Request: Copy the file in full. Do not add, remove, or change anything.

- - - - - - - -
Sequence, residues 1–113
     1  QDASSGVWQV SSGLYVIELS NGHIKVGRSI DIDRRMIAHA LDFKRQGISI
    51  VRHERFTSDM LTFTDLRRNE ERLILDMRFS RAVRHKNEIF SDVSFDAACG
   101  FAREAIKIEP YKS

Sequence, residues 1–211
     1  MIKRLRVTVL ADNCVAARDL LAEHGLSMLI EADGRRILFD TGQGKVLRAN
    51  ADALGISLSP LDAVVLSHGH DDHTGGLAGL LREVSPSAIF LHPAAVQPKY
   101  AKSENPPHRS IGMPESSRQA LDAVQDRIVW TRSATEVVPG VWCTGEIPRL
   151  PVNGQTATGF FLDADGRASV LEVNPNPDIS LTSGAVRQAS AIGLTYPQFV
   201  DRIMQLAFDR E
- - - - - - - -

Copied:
Sequence, residues 1–113
     1  QDASSGVWQV SSGLYVIELS NGHIKVGRSI DIDRRMIAHA LDFKRQGISI
    51  VRHERFTSDM LTFTDLRRNE ERLILDMRFS RAVRHKNEIF SDVSFDAACG
   101  FAREAIKIEP YKS

Sequence, residues 1–211
     1  MIKRLRVTVL ADNCVAARDL LAEHGLSMLI EADGRRILFD TGQGKVLRAN
    51  ADALGISLSP LDAVVLSHGH DDHTGGLAGL LREVSPSAIF LHPAAVQPKY
   101  AKSENPPHRS IGMPESSRQA LDAVQDRIVW TRSATEVVPG VWCTGEIPRL
   151  PVNGQTATGF FLDADGRASV LEVNPNPDIS LTSGAVRQAS AIGLTYPQFV
   201  DRIMQLAFDR E